VIX-Chevron-Up

Asking Mr Roboto - One Way To Help Users Find The Value In Your Product

By Christopher Shaw

Where Is The Value?

With a lot of the services we used daily such as Google incorporating Natural Language Processing into their applications it’s easy for us to take for granted the power of simply answering people’s questions as opposed to giving them a huge suite of tools and letting them figure out where the value is. However, a lot of apps are still made with the sole purpose of lumbering the users with a never-ending supply of tools with which is perceived as great value.

mr roboto sad

To be fair, at VIX we were guilty of this too until very recently. Our software tools began to suffer feature bloat, support emails increased and when we actually measured it, only a few of the features in the tools actually got a substantial amount of use. The main reason behind all of this was that it was simply too confusing and/or time consuming for people to do what they needed to do with the product.

Enter The Ask Feature

We don’t have a name for it yet, but codenamed ASK our newest suite-wide feature is essentially a search box where you can type whatever it is you’re looking for, or a question you need the answer to.

mr roboto happy

When we first came up with the idea to include this in our products, we didn’t give much thought to exactly how it would work. We just knew that we needed it and would figure out the hard part later. No gain without pain and all that jazz.

We decided to start simple, by getting everyone to type in questions they would like to get quick answers to and we recorded these questions and occurrences in a database. With this data, we could see the most common questions and identify key pain points within the tools. Before long we realised how badly this feature was needed - things we thought were easy or convenient for people to do already turned out to be some of the most commonly asked questions.

Coming Up With The Answers

From the bunch of questions we gathered in the first test we realised two things;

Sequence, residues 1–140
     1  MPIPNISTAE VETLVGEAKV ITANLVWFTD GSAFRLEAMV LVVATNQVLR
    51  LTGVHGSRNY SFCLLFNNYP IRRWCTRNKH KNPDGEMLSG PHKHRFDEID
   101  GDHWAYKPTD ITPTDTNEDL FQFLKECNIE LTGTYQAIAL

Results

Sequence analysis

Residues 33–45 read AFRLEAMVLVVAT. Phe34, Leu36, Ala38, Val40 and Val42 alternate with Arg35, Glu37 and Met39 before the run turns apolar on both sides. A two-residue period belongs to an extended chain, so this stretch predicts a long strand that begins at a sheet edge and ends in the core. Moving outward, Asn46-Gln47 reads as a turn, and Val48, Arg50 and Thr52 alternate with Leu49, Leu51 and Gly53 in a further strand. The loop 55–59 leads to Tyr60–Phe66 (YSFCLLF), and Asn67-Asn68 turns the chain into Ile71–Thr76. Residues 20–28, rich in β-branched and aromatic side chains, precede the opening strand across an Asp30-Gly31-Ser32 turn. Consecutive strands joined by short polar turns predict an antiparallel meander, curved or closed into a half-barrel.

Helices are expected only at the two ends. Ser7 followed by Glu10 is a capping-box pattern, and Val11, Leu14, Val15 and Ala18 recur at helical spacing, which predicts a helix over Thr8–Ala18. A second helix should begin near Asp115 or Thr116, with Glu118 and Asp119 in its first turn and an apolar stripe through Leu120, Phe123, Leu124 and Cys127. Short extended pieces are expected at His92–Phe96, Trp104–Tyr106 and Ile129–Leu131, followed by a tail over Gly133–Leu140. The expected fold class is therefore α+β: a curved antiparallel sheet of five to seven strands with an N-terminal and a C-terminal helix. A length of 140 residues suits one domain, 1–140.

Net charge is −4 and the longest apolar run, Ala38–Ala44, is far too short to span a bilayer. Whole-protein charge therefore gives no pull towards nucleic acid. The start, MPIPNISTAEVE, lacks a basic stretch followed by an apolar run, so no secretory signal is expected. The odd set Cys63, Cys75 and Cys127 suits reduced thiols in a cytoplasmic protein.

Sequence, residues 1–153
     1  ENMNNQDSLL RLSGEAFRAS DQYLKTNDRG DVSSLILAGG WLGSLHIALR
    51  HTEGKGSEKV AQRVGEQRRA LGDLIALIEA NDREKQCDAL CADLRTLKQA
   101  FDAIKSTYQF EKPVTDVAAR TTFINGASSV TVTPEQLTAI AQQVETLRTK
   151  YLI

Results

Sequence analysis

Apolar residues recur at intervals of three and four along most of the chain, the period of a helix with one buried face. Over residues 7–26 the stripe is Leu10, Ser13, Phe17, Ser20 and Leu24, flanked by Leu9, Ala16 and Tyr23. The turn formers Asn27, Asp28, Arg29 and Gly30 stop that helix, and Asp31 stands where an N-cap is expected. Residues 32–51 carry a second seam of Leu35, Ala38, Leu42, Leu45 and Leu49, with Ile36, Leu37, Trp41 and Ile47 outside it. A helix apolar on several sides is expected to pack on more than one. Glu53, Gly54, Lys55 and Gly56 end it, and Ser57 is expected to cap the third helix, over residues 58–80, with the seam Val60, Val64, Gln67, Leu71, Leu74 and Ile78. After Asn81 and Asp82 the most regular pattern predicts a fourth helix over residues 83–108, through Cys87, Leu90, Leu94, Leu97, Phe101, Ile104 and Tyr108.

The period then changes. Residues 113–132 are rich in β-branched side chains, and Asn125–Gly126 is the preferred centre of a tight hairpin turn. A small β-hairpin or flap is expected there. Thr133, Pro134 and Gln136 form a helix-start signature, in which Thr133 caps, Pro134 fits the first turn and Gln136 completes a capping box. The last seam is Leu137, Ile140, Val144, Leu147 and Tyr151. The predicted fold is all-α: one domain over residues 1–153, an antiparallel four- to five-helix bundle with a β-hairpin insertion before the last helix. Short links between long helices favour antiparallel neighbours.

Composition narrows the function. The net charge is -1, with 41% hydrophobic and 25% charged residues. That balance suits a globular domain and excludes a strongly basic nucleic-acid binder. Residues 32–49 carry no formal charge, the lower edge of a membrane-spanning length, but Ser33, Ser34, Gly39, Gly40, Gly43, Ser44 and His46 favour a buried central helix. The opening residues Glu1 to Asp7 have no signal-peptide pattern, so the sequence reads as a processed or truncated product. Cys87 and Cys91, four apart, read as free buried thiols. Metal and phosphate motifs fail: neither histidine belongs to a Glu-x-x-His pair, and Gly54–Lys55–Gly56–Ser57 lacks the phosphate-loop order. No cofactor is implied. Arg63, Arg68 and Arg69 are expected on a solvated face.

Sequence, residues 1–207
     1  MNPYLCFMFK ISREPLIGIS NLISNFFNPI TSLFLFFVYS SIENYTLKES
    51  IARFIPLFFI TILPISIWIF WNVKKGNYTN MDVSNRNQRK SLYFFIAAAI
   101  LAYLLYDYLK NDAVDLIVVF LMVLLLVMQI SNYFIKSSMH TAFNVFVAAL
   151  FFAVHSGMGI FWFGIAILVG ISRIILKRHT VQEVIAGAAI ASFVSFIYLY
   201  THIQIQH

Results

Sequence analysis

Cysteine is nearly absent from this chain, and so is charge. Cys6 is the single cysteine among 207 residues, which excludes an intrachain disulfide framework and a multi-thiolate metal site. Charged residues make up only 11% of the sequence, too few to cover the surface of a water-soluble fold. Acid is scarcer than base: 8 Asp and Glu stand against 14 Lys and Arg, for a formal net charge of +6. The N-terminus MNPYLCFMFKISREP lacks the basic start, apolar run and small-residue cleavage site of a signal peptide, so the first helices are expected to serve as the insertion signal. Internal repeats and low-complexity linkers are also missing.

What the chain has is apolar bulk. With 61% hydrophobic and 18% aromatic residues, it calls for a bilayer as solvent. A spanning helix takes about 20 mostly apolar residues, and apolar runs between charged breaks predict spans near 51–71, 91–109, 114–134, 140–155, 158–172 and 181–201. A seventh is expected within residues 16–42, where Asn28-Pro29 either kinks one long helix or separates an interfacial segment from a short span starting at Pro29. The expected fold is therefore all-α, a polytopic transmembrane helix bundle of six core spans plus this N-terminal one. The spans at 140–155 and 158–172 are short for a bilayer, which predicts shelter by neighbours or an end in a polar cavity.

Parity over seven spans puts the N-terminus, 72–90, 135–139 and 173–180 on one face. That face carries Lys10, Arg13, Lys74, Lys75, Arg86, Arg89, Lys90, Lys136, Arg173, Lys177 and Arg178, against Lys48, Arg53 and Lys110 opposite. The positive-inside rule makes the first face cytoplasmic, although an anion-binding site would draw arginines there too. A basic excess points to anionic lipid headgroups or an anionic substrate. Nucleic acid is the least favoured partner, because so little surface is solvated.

1. A few of the questions were asked multiple times by different users and had straightforward answers
  2. There will always be questions that surprise you

This information made us realise we could tackle answering questions with a two pronged approach. There were questions that had solid answers that were simple, and the questions themselves were very straightforward with little variation between occurrences - this meant that we could manually write answers to the most frequently asked questions pretty easily. 

However, what I meant by “there will always be questions that surprise you” is that some questions are actually quite specific and might be things we’ve never even considered people would want to know or see. Certain comparisons of different data on one chart for example - it would take us a long time to manually go through and create all of these answers for every eventuality.


Playing The Brain Game

mr roboto brain

Some of the areas that we at VIX are really delving into at the moment are Machine Learning and Neural Networks. We currently use a variety of different Machine Learning algorithms to spot trends and make smart predictions based on data we collect.

It seemed obvious to us that we could extend and apply this experience to Natural Language Processing and produce an AI ‘brain’ that could generate and suggest its own answers to the asker and also produce charts, and perform calculations requested by the user on a whim.

While this approach has a lot of upfront work involved, it could allows us to build a system that we can plug into all of our applications in the future to allows anyone of any IT literacy to open the tool of their choice, and simply tell the brain what they want or what they need to do.

Look out for more in-depth blog posts on our machine learning algorithms and neural networks in the near future!

<< Back to Insights